Consolidated Water’s British Virgin Islands affiliate Ocean Conversion (BVI) Ltd remains embroiled in a law suit with the BVI government and may be marginalised by a new 25-year water contract the government aims to award to a competitor.
Ocean Conversion has been producing potable water in the islands since 1990. The company operates two seawater reverse osmosis desalination plants on Tortola and one plant on Jost van Dyke, which supply water to the government.
Ocean Conversion has been in a dispute with the BVI government over its desalination plant at Baughers Bay, Tortola, after the government filed a law suit in November 2007, in which it sought ownership and possession of the plant.
The dispute stems from a contract concluded 17 years ago to construct the plant on government-owned land and produce and deliver water to the government. The contract was structured initially for seven years and provided the government with the option of purchasing the plant for $1.125 million before the contract expired. As the government did not elect to purchase the plant the contract was automatically renewed for another seven years, at the end of which the plant would become the property of the government without further payment.
At the end of the second seven-year term Ocean Conversion wrote to the government asking for a meeting to discuss future arrangements. The government argued that it now owned the production plant and issued a notice of vesting.
Ocean Conversion, however, asserted it still had ownership in the plant, because of investments it had made, in response to government pressure, to increase production capacity beyond what was contractually agreed.
As a result the company maintained it had the right to continue owning and operating the plant until it was reimbursed for its ownership share, which it estimated at $4.7 million. In the meantime the company continued to supply water to the government.
The government however notified Ocean Conversion that from 1 January 2007 it was going to pay a lower rate for the water. The government maintained that, as it owned the plant, it should not pay more for the water than what it believed represented its production cost.
Accordingly, the government has since paid significantly less than what has been invoiced by the water supplier. Ocean Conversion filed a claim over funds owed to the company for the discrepancy. By 31 March 2009 Ocean Conversion’s claim had been amended and increased to nearly $13.8 million for amounts owed and accrued interest.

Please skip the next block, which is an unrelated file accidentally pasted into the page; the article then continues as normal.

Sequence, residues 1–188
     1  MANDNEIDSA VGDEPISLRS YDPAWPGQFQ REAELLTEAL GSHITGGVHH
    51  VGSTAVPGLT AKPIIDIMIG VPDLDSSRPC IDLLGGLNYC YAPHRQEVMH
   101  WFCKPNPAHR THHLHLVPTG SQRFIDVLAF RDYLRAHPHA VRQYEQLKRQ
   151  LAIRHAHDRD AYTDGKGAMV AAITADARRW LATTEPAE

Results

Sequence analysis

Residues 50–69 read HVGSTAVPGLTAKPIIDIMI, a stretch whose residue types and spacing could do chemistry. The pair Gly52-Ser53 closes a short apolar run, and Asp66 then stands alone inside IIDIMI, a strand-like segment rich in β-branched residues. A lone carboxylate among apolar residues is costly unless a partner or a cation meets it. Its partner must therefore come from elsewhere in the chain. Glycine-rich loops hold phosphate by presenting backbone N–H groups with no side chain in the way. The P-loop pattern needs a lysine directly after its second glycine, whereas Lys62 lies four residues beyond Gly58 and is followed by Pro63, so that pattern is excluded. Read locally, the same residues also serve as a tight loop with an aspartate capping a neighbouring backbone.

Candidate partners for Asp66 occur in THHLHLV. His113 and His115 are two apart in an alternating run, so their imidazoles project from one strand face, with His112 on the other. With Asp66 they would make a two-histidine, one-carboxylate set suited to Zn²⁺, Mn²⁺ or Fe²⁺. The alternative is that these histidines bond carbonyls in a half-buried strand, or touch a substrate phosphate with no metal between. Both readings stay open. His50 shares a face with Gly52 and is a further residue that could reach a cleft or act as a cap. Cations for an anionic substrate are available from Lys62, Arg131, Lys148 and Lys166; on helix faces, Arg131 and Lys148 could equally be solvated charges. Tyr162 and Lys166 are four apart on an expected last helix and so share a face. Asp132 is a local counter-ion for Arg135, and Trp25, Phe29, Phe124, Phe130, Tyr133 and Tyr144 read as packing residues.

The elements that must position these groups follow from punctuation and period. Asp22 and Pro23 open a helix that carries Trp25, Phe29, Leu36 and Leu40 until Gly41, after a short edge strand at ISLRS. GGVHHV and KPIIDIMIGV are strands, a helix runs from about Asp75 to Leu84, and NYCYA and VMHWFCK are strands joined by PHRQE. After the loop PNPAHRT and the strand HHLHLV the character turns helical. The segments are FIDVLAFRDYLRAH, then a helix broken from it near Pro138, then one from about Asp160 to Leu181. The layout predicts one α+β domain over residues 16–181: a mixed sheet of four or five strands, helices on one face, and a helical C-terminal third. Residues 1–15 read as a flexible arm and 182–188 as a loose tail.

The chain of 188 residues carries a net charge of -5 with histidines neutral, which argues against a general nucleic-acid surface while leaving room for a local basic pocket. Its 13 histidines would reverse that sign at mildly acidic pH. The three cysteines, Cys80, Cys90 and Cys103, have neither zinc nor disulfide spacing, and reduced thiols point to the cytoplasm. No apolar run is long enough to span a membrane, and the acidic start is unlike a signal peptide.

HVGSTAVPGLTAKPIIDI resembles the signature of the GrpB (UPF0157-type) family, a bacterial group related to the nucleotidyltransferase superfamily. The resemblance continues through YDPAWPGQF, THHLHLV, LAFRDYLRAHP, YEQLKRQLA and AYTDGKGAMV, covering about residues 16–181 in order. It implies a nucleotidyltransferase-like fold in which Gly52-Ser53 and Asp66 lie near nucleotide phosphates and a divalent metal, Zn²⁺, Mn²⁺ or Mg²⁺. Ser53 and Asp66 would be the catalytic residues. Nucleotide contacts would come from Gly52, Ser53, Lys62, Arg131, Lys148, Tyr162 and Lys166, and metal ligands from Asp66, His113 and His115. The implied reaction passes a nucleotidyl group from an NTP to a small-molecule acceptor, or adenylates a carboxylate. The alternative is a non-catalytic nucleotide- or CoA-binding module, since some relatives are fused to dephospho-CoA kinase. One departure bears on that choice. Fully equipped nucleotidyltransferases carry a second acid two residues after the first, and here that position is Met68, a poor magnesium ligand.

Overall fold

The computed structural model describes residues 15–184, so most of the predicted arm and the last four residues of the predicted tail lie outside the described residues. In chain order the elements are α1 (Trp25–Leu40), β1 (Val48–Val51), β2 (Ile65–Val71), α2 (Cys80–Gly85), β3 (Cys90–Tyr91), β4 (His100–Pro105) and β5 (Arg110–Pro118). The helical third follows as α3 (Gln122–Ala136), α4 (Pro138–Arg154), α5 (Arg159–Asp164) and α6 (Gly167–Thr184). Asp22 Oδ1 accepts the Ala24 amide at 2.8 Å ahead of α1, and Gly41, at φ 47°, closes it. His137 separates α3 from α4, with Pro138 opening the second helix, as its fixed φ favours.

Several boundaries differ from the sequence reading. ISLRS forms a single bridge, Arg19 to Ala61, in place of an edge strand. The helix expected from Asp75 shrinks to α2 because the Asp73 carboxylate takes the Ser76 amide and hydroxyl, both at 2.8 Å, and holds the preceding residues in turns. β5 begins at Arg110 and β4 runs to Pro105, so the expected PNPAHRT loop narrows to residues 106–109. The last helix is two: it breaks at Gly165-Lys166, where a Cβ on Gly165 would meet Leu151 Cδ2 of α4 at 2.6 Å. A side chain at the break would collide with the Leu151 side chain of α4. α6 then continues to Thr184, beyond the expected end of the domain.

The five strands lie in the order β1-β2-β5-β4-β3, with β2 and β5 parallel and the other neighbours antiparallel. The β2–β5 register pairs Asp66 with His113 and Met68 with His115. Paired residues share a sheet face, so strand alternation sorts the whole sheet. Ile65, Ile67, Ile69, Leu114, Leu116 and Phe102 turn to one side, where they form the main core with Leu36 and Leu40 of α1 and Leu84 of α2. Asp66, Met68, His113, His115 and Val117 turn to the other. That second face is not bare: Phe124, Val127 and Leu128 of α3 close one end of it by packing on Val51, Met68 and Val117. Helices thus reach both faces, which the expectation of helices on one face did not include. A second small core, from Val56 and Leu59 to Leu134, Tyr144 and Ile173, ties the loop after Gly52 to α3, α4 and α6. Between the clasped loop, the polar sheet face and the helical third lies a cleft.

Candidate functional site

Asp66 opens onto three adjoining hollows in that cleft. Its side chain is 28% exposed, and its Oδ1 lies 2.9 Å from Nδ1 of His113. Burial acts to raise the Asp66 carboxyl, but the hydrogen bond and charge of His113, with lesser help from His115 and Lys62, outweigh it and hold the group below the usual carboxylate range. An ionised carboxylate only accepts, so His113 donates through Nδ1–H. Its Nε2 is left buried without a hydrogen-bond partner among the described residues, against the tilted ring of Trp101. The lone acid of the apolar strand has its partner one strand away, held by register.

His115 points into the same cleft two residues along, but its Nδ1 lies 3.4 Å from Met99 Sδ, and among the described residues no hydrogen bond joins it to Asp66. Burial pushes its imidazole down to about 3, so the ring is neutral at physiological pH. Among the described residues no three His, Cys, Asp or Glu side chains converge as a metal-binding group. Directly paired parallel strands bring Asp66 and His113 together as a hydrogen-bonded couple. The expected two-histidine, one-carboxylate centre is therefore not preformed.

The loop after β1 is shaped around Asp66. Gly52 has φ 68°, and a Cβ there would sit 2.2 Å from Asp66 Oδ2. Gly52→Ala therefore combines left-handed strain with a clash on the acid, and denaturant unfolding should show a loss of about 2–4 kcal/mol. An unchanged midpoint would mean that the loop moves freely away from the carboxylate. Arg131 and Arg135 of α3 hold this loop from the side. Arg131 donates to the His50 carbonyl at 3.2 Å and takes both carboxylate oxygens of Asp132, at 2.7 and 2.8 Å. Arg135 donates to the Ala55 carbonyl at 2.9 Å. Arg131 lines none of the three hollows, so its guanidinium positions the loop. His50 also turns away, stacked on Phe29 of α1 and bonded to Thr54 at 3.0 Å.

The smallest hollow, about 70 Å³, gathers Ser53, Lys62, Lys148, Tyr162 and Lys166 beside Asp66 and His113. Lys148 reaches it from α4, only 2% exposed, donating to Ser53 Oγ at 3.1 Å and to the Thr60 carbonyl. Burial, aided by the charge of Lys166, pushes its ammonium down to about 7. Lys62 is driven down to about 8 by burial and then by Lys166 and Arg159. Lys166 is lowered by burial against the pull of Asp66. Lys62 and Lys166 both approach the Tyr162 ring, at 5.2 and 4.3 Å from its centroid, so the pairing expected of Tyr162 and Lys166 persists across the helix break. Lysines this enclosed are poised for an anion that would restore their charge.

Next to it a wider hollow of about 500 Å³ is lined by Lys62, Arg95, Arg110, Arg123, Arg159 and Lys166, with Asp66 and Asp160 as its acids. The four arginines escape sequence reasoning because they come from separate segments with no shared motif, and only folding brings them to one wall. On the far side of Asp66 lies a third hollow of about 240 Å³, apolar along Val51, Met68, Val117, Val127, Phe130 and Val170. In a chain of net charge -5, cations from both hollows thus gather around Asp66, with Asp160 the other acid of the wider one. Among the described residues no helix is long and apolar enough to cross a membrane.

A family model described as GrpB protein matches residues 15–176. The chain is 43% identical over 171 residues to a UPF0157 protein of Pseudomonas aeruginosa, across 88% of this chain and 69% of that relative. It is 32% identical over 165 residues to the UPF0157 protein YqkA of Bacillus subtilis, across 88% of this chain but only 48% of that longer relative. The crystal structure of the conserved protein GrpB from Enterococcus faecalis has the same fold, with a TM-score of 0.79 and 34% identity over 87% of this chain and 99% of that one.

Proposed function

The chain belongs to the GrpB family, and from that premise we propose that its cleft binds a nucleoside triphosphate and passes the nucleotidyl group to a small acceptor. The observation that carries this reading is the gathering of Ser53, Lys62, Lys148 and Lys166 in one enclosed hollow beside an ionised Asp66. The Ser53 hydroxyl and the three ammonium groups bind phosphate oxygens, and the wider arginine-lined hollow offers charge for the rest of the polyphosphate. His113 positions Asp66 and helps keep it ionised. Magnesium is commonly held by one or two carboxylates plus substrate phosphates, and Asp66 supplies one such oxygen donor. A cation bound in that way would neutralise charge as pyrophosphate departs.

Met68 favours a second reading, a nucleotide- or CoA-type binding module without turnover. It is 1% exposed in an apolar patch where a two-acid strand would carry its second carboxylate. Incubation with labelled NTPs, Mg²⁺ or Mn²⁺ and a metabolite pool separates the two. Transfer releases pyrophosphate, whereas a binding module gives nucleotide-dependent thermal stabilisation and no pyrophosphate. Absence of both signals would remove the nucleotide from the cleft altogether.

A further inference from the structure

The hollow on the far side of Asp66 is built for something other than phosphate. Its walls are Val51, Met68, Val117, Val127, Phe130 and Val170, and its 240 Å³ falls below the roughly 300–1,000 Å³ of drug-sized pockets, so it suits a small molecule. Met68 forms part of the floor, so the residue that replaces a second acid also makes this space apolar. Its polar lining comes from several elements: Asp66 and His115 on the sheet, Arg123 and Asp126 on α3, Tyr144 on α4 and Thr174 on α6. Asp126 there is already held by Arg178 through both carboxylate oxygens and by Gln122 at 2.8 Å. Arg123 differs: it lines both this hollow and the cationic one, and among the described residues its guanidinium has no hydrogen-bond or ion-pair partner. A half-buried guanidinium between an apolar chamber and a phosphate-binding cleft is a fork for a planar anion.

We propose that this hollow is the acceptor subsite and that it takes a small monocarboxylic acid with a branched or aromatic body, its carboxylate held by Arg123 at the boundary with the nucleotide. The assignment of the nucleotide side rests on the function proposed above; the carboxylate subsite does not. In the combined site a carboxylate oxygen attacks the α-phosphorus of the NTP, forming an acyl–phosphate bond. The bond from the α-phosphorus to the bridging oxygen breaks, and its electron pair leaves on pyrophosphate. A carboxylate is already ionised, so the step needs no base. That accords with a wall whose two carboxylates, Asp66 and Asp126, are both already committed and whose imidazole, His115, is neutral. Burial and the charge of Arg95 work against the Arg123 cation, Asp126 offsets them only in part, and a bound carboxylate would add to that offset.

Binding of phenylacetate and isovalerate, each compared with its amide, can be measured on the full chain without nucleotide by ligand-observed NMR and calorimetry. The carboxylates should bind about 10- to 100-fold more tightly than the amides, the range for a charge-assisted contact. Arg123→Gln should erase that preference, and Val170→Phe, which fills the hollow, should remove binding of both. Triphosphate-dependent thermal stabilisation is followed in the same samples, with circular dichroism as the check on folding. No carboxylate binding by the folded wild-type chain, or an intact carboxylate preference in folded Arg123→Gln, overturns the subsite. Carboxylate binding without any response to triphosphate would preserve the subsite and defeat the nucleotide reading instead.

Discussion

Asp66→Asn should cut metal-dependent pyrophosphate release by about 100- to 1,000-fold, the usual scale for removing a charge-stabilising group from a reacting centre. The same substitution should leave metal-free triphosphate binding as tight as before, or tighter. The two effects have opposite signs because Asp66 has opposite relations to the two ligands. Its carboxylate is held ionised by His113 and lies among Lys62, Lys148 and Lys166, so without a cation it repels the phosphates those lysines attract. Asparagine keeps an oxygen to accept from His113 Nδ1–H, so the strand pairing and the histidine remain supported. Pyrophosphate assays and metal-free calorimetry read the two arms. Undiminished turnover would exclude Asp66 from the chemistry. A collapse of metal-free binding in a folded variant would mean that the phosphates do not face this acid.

The Eastern Caribbean Supreme Court issued a preliminary ruling on 17 September and determined that the BVI government was entitled to immediate possession of the Baughers Bay plant.
The court also ordered the government to make an interim payment of $5 million to Ocean Conversion for amounts owed, before the actual cost of producing water could be assessed in a hearing at a later date.
The amount owed to Ocean Conversion may or may not be amended after the hearing. No date for the hearing has been set.
Ocean Conversion’s Cayman-based shareholder Consolidated Water reported a loss of US$1.2 million on its 43.5 per cent equity interest in Ocean Conversion for the first six months of 2009. Depending on whether Ocean Conversion and the BVI government will come to an agreement over the operation of Baughers Bay, Consolidated Water may have to record impairment charges in its balance to reflect the reduced carrying value of Ocean Conversion’s assets.
Meanwhile, the Minister for Communication and Works Julian Fraser announced on 8 September that the BVI government is planning to sign a 25-year contract with utility company BiWater to produce 2.3 million imperial gallons of water per day at a new facility at Paraquita Bay, claiming it will save the government nearly $273 million over the life of the agreement.
The length of the contract and the planned volume of water production threaten to marginalise existing water facilities in BVI and drive competitors like Ocean Conversion out of business. In a letter to the editor of online service BVI News Ocean Conversion refuted the potential savings and stated: ‘By specifically arguing that savings will be made by purchasing water from the Biwater plant instead of Baughers Bay it is perfectly clear that Biwater intends to put Ocean Conversion out of business.’
Ocean Conversion also criticised that the contract had been awarded without a proper tender process and that its attempts to negotiate a new contract with government had been unsuccessful even after offering reduced prices. The Contractors Association of the Virgin Islands supported Ocean Conversion in its criticism stating in a letter that, ‘In the BVI, we have allowed the largest single contract ever signed in the history of the territory be given away to outsiders with conditions that locals could not even dream of receiving.’
In response to Ocean Conversion, BiWater claimed in a press release that its proposed price was only 45 per cent of Ocean Conversion’s price at Baughers Bay and only 58 per cent of its price at Bar Bay saving households $1,720 per year. The press statement concluded that ‘by proceeding with the BiWater contract the government of the BVI will realise immediate annual savings of $3.2 million while increasing the water supply by 550.000 gallons per day and resolving the sewage treatment problem.’
Mr Fraser said that the signing of the contract with BiWater was imminent.